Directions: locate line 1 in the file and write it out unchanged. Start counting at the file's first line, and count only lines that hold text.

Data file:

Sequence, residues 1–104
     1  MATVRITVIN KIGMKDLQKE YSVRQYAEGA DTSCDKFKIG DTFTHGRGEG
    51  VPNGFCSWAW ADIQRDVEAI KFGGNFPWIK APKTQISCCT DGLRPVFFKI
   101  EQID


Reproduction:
Sequence, residues 1–104